The Friday Poem: ‘August’ by Mary Oliver

It’s August, an intermission before the commotion of fall. Except this has been an August, a summer, like no other. There is no certainty, other than the world at a distance of six feet.

In this time, ‘The Friday Poem’ returns after a few ‘fits and starts’, with ‘August’ by Mary Oliver.

We have lost spring, snug in our ‘stay at home’ place or serving on the front lines as essential workers. Summer is passing, offering the gift of a journey outside – breathing fresh air, splashing in a brook, climbing a tree, standing in the rain – away from our workplace for a moment.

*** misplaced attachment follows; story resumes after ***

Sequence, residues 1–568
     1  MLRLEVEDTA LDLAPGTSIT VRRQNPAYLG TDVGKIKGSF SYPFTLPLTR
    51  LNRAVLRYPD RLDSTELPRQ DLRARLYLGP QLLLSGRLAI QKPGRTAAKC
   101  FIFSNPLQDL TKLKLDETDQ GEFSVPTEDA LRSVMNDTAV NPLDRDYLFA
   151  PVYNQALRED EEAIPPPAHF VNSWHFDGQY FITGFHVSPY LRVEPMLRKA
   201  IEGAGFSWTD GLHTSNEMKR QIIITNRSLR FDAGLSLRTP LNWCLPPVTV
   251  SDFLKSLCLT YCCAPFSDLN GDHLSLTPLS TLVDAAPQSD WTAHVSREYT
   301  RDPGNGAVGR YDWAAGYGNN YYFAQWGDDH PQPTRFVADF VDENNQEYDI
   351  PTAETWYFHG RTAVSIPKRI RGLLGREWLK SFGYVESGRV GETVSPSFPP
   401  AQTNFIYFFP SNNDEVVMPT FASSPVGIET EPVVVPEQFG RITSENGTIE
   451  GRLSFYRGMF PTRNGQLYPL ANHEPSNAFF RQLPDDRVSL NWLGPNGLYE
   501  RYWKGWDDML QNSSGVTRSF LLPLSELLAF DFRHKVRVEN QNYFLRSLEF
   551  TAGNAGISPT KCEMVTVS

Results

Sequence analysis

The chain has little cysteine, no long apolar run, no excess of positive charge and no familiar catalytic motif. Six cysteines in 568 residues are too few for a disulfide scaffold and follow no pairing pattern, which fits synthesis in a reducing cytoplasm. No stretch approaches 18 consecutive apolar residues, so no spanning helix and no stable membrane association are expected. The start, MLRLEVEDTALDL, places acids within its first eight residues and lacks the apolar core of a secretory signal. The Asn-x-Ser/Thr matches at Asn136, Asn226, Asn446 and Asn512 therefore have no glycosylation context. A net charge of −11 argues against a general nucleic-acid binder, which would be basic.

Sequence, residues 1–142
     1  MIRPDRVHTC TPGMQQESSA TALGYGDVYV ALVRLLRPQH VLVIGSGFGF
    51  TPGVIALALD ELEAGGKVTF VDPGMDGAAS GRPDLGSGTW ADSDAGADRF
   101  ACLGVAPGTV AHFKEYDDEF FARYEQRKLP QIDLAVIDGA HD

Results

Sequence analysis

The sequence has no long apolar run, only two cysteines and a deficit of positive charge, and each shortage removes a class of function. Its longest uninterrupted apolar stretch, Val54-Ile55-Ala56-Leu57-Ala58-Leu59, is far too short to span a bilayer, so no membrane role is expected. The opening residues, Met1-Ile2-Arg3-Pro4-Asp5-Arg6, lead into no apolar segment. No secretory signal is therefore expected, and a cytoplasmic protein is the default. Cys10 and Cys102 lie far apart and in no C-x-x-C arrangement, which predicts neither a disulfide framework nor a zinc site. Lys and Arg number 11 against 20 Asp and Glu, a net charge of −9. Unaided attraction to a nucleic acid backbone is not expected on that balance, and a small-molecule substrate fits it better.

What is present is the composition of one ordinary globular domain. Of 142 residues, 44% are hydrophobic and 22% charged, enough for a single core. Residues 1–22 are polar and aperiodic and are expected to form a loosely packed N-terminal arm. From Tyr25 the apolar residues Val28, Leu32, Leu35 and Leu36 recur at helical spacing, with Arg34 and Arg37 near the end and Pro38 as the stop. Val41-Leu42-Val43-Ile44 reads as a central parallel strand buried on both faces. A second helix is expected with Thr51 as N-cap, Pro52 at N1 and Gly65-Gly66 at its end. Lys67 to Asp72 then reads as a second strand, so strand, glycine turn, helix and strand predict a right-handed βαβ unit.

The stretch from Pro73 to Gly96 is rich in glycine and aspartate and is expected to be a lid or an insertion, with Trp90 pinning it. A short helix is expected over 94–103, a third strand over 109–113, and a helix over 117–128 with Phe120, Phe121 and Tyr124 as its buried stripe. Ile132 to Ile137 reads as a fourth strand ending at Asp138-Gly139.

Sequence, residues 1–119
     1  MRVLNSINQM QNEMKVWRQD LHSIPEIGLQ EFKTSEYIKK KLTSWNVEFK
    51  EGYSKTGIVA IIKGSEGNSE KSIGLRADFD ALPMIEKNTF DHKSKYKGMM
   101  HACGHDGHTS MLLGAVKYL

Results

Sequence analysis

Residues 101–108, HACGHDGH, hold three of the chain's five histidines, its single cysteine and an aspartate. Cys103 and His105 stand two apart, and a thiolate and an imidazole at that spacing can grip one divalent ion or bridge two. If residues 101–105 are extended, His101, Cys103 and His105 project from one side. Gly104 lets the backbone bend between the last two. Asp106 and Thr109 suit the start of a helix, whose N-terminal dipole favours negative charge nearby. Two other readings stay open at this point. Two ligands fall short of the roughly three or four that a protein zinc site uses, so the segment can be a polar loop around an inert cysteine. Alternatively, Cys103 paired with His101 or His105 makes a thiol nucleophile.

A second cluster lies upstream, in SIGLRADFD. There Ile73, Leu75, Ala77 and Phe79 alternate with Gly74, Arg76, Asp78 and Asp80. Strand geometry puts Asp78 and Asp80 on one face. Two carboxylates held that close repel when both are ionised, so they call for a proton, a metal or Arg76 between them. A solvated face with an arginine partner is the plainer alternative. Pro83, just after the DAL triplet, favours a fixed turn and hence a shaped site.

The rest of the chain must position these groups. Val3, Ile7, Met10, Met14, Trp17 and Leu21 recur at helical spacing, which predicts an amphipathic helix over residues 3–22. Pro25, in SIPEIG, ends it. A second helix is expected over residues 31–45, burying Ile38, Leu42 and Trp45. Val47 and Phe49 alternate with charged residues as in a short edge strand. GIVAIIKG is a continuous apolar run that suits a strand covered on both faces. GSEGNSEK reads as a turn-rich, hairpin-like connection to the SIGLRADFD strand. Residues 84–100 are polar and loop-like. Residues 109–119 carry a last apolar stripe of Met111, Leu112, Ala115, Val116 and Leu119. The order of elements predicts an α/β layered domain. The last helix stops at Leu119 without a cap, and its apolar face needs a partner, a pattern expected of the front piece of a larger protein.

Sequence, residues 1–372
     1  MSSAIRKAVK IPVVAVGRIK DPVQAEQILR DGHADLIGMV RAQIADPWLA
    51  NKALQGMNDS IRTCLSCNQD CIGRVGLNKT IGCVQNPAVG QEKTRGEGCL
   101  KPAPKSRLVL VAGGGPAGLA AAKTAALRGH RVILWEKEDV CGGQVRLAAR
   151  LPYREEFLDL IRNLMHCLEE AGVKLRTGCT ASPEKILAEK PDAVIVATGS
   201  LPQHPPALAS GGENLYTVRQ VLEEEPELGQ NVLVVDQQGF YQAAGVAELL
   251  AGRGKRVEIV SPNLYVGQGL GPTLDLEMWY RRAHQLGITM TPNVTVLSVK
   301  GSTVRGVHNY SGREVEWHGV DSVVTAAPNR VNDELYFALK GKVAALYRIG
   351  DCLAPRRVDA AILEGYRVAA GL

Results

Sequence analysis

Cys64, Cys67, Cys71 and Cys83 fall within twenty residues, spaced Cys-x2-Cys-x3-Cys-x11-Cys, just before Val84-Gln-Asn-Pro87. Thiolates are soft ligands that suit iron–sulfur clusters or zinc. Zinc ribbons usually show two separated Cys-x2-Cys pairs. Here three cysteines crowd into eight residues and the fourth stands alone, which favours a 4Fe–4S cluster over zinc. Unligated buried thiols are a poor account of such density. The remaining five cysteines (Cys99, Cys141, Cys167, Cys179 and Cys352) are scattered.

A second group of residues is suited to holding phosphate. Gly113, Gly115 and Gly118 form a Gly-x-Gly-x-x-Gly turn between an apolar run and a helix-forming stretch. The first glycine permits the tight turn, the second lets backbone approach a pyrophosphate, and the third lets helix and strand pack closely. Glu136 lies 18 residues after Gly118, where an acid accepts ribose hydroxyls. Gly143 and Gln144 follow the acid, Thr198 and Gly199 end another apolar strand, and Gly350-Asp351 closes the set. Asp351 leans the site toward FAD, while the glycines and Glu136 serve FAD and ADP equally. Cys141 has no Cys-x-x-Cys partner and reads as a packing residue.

Poetry and art will sustain us.

August

When the blackberries hang
swollen in the woods, in the brambles
nobody owns, I spend

all day among the high
branches, reaching
my ripped arms, thinking

of nothing, cramming
the black honey of summer
into my mouth; all day my body

accepts what it is. In the dark
creeks that run by there is
the thick paw of my life darting among

the black bells, the leaves; there is
the happy tongue.

 

Mary Oliver
American Primitive: Poems   Back Bay Books 1983

august

 

 

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